At the time the petition was filed, the language "of any court of competent jurisdiction of another state * * *," was not part of the statute conferring jurisdiction upon the Family Court. The amendment further provided that the act should apply retroactively to all pending cases.

The plain language of the amended statute clearly confers jurisdiction on the Family Court to hear and determine matters pertaining to custody, support, alimony, visitation, property-settlement agreements, and contracts between persons who at the time of execution were husband and wife or planned to enter into such a relationship, even though these orders, agreements, or contracts may have originated or been executed in a foreign jurisdiction.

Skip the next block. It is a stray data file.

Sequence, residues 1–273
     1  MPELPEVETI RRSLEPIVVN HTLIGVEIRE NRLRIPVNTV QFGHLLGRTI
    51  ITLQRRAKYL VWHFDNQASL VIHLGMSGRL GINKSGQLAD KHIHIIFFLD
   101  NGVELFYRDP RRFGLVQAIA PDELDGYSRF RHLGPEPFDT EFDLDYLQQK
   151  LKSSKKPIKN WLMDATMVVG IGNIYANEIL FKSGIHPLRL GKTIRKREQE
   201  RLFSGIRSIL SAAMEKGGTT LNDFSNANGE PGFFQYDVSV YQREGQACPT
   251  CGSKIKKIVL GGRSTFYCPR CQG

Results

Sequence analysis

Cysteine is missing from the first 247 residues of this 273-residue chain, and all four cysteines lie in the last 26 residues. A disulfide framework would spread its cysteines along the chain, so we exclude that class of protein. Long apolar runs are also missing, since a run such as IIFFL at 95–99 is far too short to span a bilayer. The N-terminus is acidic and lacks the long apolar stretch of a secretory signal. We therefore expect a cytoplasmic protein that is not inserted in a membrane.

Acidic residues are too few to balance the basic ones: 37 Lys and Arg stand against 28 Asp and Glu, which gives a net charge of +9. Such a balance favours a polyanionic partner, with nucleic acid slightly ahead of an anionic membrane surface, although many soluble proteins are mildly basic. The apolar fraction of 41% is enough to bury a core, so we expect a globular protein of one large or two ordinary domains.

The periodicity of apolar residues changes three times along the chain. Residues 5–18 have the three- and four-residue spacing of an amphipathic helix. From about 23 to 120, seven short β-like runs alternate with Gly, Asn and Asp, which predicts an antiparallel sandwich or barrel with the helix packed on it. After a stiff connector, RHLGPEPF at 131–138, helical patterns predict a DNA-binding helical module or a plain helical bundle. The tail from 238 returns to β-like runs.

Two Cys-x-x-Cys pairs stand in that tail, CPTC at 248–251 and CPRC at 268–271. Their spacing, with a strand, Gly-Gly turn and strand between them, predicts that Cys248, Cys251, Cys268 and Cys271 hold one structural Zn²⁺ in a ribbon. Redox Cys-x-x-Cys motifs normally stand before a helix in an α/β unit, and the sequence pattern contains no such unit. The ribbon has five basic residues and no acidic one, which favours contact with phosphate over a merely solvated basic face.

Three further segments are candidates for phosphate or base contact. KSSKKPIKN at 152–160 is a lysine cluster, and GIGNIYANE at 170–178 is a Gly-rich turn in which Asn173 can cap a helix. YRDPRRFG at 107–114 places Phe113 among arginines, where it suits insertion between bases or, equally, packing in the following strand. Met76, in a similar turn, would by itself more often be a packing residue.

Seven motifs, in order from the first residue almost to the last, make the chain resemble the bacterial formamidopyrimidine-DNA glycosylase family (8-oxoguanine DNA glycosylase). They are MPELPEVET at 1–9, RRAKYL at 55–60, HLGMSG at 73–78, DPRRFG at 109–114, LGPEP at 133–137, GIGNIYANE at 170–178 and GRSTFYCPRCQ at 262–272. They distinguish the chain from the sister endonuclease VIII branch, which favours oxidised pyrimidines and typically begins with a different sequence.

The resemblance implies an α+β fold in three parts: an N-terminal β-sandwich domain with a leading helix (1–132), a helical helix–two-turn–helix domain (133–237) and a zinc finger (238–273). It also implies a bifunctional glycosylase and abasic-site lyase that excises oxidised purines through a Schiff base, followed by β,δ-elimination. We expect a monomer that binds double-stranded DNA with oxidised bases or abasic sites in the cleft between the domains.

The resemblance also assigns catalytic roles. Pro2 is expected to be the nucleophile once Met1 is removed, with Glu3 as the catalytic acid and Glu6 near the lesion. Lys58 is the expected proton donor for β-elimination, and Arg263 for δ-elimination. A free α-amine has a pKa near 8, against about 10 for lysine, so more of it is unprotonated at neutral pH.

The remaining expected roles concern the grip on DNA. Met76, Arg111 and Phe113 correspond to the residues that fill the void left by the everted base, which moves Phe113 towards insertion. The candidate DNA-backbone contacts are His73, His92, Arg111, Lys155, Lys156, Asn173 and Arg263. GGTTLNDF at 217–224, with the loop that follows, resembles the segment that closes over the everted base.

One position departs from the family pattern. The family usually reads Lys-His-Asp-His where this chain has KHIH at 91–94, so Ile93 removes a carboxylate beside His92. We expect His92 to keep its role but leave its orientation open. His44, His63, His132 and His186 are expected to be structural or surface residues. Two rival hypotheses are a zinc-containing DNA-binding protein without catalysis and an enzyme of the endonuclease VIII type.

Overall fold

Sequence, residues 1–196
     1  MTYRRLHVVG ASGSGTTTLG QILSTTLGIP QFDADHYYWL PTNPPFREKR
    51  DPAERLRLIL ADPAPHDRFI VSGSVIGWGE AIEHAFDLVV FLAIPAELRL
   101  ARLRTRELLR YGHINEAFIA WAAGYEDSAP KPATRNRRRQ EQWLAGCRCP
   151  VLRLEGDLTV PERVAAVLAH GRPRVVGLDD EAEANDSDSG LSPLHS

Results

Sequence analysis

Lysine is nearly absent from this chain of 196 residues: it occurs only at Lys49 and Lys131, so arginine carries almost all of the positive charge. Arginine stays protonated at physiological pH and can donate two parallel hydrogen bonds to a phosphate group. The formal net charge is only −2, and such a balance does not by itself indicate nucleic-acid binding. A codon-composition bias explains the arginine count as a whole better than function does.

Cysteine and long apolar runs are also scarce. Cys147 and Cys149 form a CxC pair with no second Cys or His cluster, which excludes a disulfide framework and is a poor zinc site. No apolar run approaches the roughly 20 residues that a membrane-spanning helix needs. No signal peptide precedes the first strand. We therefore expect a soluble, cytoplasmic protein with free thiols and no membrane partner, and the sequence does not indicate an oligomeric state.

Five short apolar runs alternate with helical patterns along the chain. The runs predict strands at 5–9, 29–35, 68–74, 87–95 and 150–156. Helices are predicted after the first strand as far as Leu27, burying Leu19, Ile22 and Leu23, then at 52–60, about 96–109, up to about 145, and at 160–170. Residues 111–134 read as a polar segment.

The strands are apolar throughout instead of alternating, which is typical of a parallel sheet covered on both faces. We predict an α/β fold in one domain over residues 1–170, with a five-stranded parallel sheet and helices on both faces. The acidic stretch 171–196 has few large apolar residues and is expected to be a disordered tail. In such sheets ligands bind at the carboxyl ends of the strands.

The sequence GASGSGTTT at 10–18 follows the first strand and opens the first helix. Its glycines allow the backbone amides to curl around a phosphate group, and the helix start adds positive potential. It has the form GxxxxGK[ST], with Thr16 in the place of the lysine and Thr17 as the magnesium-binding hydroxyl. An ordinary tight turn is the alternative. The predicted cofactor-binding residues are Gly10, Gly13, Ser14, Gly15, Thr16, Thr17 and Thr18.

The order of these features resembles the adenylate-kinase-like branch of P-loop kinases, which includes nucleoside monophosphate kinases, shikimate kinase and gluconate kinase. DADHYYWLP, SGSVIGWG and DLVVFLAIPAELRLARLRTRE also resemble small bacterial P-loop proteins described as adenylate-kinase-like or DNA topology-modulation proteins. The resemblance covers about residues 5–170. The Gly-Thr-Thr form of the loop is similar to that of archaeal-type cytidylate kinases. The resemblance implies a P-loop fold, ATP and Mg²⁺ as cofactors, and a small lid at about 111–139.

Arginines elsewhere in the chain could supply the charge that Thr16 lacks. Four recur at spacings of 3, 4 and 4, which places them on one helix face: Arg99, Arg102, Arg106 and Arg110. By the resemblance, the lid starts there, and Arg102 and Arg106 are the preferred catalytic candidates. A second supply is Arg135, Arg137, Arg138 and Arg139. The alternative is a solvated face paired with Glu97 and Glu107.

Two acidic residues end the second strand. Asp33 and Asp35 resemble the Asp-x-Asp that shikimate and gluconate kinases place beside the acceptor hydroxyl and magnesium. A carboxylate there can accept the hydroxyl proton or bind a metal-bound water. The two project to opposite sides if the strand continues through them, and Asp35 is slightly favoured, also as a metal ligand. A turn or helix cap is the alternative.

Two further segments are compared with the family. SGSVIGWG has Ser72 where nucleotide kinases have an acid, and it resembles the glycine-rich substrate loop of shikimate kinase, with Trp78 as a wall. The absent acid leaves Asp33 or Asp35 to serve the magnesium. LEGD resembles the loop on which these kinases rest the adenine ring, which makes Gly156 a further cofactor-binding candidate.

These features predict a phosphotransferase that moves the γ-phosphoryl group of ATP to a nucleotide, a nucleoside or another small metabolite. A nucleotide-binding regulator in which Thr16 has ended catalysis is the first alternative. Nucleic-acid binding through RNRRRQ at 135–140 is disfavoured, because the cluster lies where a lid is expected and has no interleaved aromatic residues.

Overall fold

Nevertheless, respondent argues that the statute should not be applied retroactively because it is a substantive change in the law and in such cases the law must be applied prospectively.

It is generally accepted that statutes should have prospective effect unless a clear and strong contrary intent appears from an examination of the statutory language or legislative history. Twomey v. Carlton House of Providence, Inc., 113 R.I. 264, 320 A.2d 98 (1974).